African Business: Free wifi from Zenith Bank for its Bank customers in Africa
ZENITH Bank Plc has rolled out free Wi-Fi at several of its branches nationwide to enable people in close proximity perform a wide range of internet related activities such as app downloads, website browsing for information, online banking, online researching and lots more.
The Bank has also installed a wide-range free Wi-Fi hotspot covering the Lagos University Teaching Hospital, LUTH, and its environs, to avail its people within the hospital’s vicinity with access to all the knowledge, tools and resources available online. The service is accessible by simply entering your Zenith Bank Account number. Visit www.zenithbank.com/wifi to view all Wi-Fi enabled locations.
It is expected that by providing free Wi-Fi, the Bank is providing its customers with a distinct competitive advantage in the way that only free internet access can, as they are now empowered to innovate without the constraints of data costs.
Zenith Bank, established in 1990, has remained at the forefront of innovative technologies for the last 26 years, championing the effort to make banking simpler and continually leveraging technology, its people and services to achieve that goal.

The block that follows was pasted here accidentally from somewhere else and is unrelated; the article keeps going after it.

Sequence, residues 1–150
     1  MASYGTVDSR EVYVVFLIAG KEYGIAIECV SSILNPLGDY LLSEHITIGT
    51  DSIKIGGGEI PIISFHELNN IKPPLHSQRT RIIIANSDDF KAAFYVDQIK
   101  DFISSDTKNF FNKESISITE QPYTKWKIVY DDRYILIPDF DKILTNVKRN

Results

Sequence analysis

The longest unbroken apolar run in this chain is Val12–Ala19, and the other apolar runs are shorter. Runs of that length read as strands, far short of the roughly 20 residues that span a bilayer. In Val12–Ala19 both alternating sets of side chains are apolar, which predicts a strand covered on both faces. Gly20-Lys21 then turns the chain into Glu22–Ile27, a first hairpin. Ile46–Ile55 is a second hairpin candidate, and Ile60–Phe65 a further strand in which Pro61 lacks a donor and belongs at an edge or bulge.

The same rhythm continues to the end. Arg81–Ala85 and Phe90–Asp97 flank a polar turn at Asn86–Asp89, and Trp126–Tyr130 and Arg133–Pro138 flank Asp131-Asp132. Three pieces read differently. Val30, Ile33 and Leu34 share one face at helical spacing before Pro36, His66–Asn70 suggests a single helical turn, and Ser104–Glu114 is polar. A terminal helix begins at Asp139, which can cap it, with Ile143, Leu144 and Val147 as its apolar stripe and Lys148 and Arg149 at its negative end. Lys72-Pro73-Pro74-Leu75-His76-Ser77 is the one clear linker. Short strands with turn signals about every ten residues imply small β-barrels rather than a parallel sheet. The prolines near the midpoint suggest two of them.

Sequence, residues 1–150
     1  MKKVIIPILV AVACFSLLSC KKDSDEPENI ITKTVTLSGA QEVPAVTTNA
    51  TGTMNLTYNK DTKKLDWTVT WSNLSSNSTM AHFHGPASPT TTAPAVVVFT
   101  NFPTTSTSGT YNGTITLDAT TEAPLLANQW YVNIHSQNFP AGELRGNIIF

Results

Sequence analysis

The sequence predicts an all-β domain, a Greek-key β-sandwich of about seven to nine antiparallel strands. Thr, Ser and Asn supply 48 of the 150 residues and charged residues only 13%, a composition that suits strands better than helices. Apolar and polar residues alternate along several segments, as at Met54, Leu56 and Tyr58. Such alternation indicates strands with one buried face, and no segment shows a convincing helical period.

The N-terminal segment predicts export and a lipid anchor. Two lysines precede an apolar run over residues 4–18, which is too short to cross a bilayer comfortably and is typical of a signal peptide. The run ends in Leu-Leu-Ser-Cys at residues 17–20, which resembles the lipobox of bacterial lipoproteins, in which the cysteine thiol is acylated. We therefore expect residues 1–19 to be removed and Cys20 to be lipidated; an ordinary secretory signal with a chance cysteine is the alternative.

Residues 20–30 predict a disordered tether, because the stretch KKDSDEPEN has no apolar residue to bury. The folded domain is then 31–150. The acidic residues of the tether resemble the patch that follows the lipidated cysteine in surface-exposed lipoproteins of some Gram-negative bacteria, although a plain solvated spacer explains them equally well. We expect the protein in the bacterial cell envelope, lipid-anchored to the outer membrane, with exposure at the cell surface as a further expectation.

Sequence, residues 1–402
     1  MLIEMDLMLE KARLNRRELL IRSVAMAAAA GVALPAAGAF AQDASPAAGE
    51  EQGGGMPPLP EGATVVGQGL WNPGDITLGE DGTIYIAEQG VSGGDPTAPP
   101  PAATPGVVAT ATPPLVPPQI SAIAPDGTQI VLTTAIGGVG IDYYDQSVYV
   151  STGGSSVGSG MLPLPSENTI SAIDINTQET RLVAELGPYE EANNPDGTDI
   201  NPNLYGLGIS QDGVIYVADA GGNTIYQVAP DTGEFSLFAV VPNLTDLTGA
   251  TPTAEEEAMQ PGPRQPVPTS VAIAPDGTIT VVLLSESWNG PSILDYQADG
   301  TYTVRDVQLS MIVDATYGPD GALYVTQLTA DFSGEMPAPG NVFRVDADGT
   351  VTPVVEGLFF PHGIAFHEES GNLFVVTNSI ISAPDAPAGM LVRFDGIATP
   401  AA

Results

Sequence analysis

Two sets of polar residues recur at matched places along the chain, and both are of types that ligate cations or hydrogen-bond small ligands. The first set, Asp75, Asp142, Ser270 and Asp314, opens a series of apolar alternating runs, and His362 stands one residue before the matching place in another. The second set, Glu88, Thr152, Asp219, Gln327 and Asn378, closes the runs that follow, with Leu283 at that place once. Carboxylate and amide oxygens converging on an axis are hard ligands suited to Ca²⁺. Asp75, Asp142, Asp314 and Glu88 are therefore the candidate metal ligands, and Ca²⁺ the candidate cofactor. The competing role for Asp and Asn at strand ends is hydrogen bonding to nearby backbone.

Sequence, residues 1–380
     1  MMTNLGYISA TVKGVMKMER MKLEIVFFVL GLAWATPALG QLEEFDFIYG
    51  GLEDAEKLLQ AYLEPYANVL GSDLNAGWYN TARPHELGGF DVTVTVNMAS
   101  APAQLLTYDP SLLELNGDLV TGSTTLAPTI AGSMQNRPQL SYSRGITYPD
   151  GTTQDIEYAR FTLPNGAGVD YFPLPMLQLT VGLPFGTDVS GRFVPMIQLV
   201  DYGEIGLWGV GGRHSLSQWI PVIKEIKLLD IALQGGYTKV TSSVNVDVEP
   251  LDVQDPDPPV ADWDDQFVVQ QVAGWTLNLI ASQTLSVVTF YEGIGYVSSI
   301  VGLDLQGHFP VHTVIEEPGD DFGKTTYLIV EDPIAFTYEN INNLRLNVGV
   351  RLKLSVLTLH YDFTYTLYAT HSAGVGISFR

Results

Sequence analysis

The banks Internet project is in line with a 2012 survey of more than 10,000 Internet users in over 20 countries conducted by the Internet Society which found that 83 percent of respondents agreed with the statement that “access to the Internet should be considered a basic human right,” so essential has the internet become to our everyday life.
Their findings also suggested that access to the Internet should not be unreasonably restricted and that governments have a responsibility to ensure that Internet access is widely-available. Of course, in developing countries particularly within Africa, there is little hope of people enjoying Government-provided internet access any time soon, as focus still remains on the provision of other necessities such as power generation, construction of roads and other distribution networks and promoting local industry growth.
The onus of providing Africans with internet has therefore rested on the shoulders of private/public companies for the last 10 years (and probably will remain this way for sometime into the future), who either have a business objective for keeping Africans on the internet or simply believe access to the web is now a necessity for everyone. This has influenced the actions of internet giants Facebook and Google, who are now undertaking huge capital projects to digify Africa and ensure connectivity for everyone on the continent.